There are other types of Interventions, but for the sake of brevity they are not covered here. Then we have a markedly updated definition of Events:

Event: An occurrence; something that happens. An event persists in time.

Followed by important types of Events:

Medical Condition:  An event that is a disease, injury, disorder, or transient physiologic state that interferes or may interfere with well-being. A medical condition persists in time.

Adverse Event:  A Medical Condition that emerges or worsens following a Medical Intervention, including the use of a drug. Note: there is no presumption of causality. Please refer to a previous post for more information about modeling Adverse Events.

There are other types of events, such as Diagnoses, Indications, Underlying Conditions, but for the sake of brevity we can stop here.

As previously stated, Assessments are an extremely important Study Activity that is notably missing from today's models, and which is sorely needed:

Assessment:  An Examination or Analysis of one or more clinical Observations to identify and/or characterize a Medical Condition.  (When formalized, this is also called an Adjudication.) 

One can easily spend a great deal more time discussing assessments and how to distinguish them from observations, but instead I refer you to a previous post on this topic.

These critically important concepts are modeled as follows in our core ontology. We must recognize that Adverse Events are not Observations. We collect observations and then perform an assessment to determine whether an Adverse Event (a Medical Condition) is related to or helps explain the presence of the AE.  Often this assessment is not captured in writing... it is done by the subject via self assessment, or by the Investigator in the clinic, but an assessment must occur. Not having a place in the current model is a notable omission, in my opinion. So the new high level model looks something like this:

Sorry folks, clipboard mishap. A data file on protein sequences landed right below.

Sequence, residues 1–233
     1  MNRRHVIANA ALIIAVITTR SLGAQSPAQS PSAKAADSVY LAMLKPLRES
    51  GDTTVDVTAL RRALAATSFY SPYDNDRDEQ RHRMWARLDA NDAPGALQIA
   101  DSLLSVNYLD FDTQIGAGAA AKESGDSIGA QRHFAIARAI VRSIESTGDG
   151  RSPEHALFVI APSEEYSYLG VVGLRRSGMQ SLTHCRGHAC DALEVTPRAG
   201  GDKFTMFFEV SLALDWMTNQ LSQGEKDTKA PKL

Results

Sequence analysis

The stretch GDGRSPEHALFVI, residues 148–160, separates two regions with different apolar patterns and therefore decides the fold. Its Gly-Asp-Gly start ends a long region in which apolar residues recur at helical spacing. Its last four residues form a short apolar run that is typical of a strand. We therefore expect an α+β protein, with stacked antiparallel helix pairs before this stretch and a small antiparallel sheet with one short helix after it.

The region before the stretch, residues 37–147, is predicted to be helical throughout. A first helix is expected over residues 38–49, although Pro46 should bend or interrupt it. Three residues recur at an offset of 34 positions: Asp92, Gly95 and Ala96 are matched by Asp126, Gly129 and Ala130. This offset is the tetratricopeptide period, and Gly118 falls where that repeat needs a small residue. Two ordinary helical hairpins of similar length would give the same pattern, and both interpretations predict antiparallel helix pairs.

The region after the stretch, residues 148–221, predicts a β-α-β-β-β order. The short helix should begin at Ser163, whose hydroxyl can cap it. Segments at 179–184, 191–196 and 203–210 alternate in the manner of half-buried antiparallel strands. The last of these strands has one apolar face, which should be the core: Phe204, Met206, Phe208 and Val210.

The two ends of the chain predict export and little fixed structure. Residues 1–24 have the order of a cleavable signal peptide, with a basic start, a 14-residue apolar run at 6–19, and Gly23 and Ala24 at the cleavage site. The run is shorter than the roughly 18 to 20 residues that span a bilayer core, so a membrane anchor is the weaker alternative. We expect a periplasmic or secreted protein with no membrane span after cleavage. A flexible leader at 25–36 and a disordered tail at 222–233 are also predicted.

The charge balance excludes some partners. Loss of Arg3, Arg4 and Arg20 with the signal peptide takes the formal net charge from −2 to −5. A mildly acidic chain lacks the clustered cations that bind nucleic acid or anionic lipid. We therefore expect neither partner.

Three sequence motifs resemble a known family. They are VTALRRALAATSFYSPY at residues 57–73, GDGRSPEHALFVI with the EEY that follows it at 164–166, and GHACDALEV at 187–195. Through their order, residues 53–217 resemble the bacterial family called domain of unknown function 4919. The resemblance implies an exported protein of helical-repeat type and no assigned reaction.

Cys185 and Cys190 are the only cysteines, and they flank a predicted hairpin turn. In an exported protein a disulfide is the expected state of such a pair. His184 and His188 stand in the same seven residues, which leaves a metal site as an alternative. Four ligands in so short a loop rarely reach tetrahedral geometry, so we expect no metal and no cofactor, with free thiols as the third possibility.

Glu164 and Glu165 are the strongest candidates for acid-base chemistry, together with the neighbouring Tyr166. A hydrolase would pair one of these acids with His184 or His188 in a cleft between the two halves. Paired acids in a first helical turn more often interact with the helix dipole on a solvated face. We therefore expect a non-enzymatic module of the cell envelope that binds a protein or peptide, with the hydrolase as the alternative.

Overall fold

Modeling Observations and Assessments

Consider a Subject who has a measured Blood Pressure in the clinic of 160/110 (a clinical observation). Does this mean that the Subject has a Medical Condition (Essential Hypertension) that requires treatment? No. Additional observations need to be recorded and analyzed (Assessed) to make that link. Is the person obese and the wrong BP cuff size used? Is the person nervous and has transient elevated BP due to anxiety? Very often, serial blood pressures in various settings can help sort this out. If the BP was recorded shortly after taking an experimental treatment, is this an Adverse Event of the treatment? No, for the same reasons. An Assessment needs to be done.  Read more about Assessment in a previous post.